After agonist binding to G protein-coupled receptors, the liberated Gβγ subunit from Gα may stimulate plasma membrane Akt phosphorylation directly through its interactions with PI3Kγ. But more recently there has been increasing appreciation that G protein-coupled receptor activation can also result in heterometric Gα and/or Gβγ protein internalization and vesicular translocation/trafficking to stimulate PI3Kγ-mediated Akt phosphorylation in endosomal compartments (77). Although many signaling effector proteins including PI3K have been identified in endosomes (78), Gβγ association with Rab11 has been suggested to allow Gβγ routing to these compartments for enhanced endosome PI3Kγ/Akt recruitment and assembly for signaling complex activation (77). Our current results in primary neurons and neuroendocrine cells appear entirely consistent with this scheme. The immunocytochemical studies demonstrated that PAC1HOP1 receptor, G proteins, and activated Akt can be localized to vesicular structures, consistent with the concept of effector assembly and interactions for signaling. PI3Kγ protein and transcripts are prevalent in sympathetic neurons (data not shown), and specific PI3Kγ inhibitors and PI3Kγ pathway knockdown studies completely blocked PACAP-stimulated Akt phosphorylation. Perhaps more importantly, various manipulations to inhibit intracellular vesicular trafficking also dramatically attenuated PACAP-stimulated Akt activation. Our results with chlorpromazine and monodansylcadaverine, two reagents frequently used to perturb clathrin-dependent vesicular pathways, implicated clathrin-mediated endocytosis and routing of activated receptor components to mature signaling endosomes. By contrast, filipin and nystatin, compounds typically used to disrupt lipid rafts and caveolae structure, had no apparent effects on PACAP-stimulated Akt activation. Although pharmacological disruption cannot unequivocally identify specific mechanisms, these results coupled with data using DN dynamin emphasize the importance of endocytic mechanisms for long term signaling. Again, the inability for brefeldin A to block the response suggested that Akt phosphorylation did not rely on trafficking to new Golgi-derived compartments. Although other studies have suggested that heterometric G protein internalization may proceed through caveolae or other clathrin-independent mechanisms (79), whether this reflects cell-specific differences or the transfer of vesicular Gα/Gβγ proteins into endosomal compartments in the clathrin pathway remains to be established. Cellular vesicle internalization, transport, trafficking, and effector recruitment processes, especially from neuronal axonal termini and under serum-free conditions, may contribute to the apparent delay in Akt activation. Alternatively, other models including the potential binding of PI3K to the consensus amino acid motif found in the intracellular cytoplasmic tail of the PAC1 receptor and PAC1 receptor/Gαq-mediated Src signaling (80, 81) may be considered within the context of vesicle endocytosis. Both PI3K and Src, for example, have been shown to regulate vesicle molecular scaffold assembly and AP-2 recruitment in clathrin-mediated internalization (82,–85).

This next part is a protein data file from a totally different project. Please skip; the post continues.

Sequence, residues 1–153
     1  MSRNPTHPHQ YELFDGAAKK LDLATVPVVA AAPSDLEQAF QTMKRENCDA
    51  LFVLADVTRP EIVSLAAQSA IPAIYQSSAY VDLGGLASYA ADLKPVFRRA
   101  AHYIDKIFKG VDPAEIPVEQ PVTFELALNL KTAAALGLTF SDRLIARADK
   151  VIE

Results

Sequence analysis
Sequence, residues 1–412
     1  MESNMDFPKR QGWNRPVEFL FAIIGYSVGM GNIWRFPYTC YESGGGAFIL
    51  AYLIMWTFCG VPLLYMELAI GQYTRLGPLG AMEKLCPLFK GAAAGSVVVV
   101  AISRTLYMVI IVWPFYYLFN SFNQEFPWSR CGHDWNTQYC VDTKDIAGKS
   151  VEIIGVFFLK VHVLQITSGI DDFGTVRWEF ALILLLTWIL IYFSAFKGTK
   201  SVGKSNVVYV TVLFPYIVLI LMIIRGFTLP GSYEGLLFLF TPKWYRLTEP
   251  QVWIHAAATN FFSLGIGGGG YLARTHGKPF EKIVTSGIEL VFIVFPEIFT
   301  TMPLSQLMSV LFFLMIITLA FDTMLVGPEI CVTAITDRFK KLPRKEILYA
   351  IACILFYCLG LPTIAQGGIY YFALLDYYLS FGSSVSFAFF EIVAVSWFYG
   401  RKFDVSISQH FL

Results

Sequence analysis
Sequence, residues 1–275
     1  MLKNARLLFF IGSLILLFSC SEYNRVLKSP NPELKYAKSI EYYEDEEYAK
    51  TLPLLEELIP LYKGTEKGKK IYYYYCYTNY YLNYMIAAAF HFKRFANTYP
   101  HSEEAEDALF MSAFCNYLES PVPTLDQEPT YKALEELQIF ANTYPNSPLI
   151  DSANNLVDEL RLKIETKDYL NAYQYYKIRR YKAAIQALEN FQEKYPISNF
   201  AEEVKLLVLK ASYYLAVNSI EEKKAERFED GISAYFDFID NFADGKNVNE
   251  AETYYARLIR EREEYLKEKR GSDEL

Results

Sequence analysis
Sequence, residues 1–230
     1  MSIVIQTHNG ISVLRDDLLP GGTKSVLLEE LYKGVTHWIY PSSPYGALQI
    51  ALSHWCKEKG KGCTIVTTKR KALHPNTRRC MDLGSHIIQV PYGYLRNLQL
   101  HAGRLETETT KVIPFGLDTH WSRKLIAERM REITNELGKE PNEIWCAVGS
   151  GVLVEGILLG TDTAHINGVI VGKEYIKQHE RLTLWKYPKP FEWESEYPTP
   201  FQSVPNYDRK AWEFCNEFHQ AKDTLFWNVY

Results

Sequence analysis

Nevertheless, Akt signaling through endocytic pathways in several systems has been increasingly appreciated to serve as a key mechanism contributing to the high spatial and temporal specificity in signal transduction for cell survival (86,–88). Akt has well described roles in orchestrating cell proliferation, differentiation, and survival from apoptosis during development or injury, and one means of conferring that specificity among the seemingly diverse and opposing physiological signals has been suggested to be dependent on vesicle trafficking and endosomal signaling (86). In evaluating that possibility, receptor effector internalization and Akt activation on endosomal platforms has been suggested to represent one potential means of discriminating survival signaling from growth or proliferation (86). From the many PACAP/PAC1 receptor-activated signaling pathways, our studies on the role of Akt activation in sympathetic neurons was consistent with that interpretation. Whereas MEK inhibitors had no apparent effects on PACAP-mediated survival in a sympathetic NGF withdrawal paradigm, PACAP neuroprotection was sensitive to PI3K inhibition. In support, the clathrin adapter β-arrestin can be co-immunoprecipitated with the PAC1 receptor5; furthermore, clathrin inhibitors also blocked PACAP-stimulated neuronal survival and BAD phosphorylation, a step downstream of Akt activation (data not shown). In summary, PACAP/PAC1HOP1 receptor activation regulates dual MAPK and Akt signaling in a complementary multifaceted strategy that integrates the induction of neurotrophic pathways with the abrogation of stress-induced proapoptotic signals (Fig. 9). In contrast to rapid membrane signaling, PACAP-stimulated Akt activation through PI3Kγ and vesicle endocytosis may represent spatial and temporal mechanisms to distinguish Akt-mediated survival from cellular proliferation, differentiation, or other Akt-related trophic functions.
The use of the Molecular Biology Core Facility, supported by National Institutes of Health National Center for Research Resources Grant P20RR16435, is also gratefully acknowledged.
*This work was supported, in whole or in part, by National Institutes of Health Grants HD27468 and NS37179.
4B. M. Girard, K. M. Braas, and V. May, unpublished observations.
5E. M. Lutz, unpublished observations.
3The abbreviations used are: